She chuckles ruefully when I bring this up, joking that she was putting her career in jeopardy by putting those frustrations into words. (Clearly, it's in fine shape — in addition to UnREAL, FitzGerald plays the key part of Simone in Starz's upcoming series Sweetbitter, an adaptation of the novel of the same name.) But something inside her is rebelling from being constantly looked at, managed, and assessed. It's something that comes with being a successful performer, paralleled in the scrutiny that dating show participants like Serena are put under. And there's no reason to pretend that the societal standards in both of those cases aren't higher for women.

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"I think the nature of being an actor — you have to really relinquish that control. And there are moments where it's so satisfying to do," she says. "I think I just feel hungry for more."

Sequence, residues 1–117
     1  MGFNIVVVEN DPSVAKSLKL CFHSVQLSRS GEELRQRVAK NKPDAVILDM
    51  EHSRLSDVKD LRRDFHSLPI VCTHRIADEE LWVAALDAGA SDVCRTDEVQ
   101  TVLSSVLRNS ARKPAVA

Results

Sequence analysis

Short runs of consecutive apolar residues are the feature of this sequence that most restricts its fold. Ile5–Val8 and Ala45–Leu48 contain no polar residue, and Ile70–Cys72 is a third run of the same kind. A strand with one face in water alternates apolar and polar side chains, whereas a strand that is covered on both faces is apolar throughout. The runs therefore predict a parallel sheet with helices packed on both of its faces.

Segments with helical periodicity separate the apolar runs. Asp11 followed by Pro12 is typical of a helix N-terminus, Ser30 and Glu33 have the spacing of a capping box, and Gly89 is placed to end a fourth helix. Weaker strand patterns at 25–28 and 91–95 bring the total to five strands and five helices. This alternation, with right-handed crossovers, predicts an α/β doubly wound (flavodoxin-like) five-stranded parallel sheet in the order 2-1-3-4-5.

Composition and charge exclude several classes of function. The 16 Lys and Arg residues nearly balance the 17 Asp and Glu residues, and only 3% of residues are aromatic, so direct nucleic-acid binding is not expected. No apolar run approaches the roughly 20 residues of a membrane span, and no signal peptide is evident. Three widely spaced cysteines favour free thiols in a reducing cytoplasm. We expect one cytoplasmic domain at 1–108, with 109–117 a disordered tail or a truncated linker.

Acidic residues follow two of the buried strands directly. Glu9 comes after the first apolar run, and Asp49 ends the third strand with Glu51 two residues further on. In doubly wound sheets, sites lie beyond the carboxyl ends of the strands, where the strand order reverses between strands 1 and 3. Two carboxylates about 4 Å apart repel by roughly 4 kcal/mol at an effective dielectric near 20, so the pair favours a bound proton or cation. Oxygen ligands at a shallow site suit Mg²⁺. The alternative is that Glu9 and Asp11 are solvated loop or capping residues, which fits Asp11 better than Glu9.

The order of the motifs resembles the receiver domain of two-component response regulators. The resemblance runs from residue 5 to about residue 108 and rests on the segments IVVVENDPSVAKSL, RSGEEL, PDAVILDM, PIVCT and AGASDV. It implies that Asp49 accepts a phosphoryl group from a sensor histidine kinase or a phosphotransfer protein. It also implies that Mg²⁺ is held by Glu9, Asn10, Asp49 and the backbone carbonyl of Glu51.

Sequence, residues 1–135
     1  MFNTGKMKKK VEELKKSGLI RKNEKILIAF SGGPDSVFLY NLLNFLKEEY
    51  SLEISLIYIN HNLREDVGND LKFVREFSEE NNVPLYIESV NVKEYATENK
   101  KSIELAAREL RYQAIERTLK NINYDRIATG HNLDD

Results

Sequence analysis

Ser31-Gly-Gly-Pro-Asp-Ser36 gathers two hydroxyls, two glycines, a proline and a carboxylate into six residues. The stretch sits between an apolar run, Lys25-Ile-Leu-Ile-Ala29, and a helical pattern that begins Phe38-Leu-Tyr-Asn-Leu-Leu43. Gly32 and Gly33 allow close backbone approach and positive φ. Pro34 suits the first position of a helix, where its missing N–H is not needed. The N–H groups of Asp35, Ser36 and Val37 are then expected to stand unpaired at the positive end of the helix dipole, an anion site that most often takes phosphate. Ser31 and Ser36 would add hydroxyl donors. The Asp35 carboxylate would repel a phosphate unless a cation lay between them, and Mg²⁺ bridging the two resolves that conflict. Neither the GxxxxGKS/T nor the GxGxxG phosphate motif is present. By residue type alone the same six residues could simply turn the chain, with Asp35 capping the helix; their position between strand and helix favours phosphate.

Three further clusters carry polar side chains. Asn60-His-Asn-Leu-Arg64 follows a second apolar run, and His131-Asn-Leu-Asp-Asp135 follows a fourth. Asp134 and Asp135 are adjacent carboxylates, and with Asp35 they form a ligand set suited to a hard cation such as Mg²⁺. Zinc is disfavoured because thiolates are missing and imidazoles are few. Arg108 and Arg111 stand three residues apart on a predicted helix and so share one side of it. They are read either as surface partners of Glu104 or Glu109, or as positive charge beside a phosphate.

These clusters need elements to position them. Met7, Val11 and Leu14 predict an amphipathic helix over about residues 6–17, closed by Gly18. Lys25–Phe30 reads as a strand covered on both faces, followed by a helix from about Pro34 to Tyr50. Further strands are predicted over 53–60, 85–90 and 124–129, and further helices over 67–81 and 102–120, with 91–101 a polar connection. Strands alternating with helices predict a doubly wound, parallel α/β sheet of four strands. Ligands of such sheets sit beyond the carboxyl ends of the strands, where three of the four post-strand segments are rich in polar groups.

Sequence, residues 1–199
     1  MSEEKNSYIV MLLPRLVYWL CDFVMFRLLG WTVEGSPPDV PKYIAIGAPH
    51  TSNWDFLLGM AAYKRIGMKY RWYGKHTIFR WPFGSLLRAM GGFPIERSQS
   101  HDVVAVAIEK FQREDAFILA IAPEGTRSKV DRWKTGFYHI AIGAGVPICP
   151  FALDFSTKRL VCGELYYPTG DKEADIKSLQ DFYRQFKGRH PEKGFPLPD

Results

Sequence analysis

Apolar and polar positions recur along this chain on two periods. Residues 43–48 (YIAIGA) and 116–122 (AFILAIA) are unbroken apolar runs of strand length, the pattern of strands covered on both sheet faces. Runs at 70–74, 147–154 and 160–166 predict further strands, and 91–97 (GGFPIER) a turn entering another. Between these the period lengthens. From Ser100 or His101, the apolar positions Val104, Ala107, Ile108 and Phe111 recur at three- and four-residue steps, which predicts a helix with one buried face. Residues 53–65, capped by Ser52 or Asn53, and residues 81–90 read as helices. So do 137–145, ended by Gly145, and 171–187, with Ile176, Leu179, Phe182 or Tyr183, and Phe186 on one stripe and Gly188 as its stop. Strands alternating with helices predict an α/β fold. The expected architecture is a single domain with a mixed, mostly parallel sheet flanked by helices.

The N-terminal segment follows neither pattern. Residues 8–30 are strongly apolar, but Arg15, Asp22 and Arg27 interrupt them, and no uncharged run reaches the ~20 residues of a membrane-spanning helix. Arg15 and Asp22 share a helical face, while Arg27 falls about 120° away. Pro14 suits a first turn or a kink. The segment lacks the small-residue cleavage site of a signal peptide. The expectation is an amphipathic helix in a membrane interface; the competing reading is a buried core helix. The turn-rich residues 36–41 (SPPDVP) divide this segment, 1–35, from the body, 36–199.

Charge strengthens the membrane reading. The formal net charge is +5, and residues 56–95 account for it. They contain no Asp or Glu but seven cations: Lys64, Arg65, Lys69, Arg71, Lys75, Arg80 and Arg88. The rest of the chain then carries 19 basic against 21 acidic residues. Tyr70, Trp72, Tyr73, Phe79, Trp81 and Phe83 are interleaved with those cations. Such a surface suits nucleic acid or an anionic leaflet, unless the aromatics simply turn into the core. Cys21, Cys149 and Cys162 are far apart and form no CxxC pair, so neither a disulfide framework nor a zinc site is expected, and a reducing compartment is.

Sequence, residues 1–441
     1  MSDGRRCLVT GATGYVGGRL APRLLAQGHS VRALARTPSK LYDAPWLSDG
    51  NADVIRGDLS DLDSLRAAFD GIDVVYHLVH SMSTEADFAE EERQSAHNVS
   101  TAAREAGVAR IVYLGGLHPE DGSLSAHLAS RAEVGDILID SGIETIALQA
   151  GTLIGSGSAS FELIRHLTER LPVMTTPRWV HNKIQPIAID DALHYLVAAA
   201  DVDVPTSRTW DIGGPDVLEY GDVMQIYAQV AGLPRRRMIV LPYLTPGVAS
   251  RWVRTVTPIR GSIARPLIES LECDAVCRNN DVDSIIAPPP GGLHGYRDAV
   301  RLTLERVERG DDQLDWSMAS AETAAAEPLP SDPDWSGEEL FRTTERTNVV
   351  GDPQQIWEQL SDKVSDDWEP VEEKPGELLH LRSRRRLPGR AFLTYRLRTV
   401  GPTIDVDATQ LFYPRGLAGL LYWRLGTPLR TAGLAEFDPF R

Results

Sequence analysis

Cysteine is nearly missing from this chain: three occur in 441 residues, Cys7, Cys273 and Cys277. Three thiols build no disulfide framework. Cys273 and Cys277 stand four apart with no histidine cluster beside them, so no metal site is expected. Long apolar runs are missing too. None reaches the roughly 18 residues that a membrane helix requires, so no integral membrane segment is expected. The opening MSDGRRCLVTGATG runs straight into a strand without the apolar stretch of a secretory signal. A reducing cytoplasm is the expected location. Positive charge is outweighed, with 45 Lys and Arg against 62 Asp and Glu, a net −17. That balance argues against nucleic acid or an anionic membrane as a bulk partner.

More, for FitzGerald, is continuing to tell stories with her friends and collaborators. She directed a short film in 2017 called Mrs. Drake, which she calls one of the most satisfying experiences she's ever had. Meanwhile, she's calling on the industry to create "more space" for women and people of color to spin their own narratives. Hopefully, some of those narratives can help us look critically at those problematic shows that we just can't quit. And taking on the Bachelor franchise is a pretty auspicious start.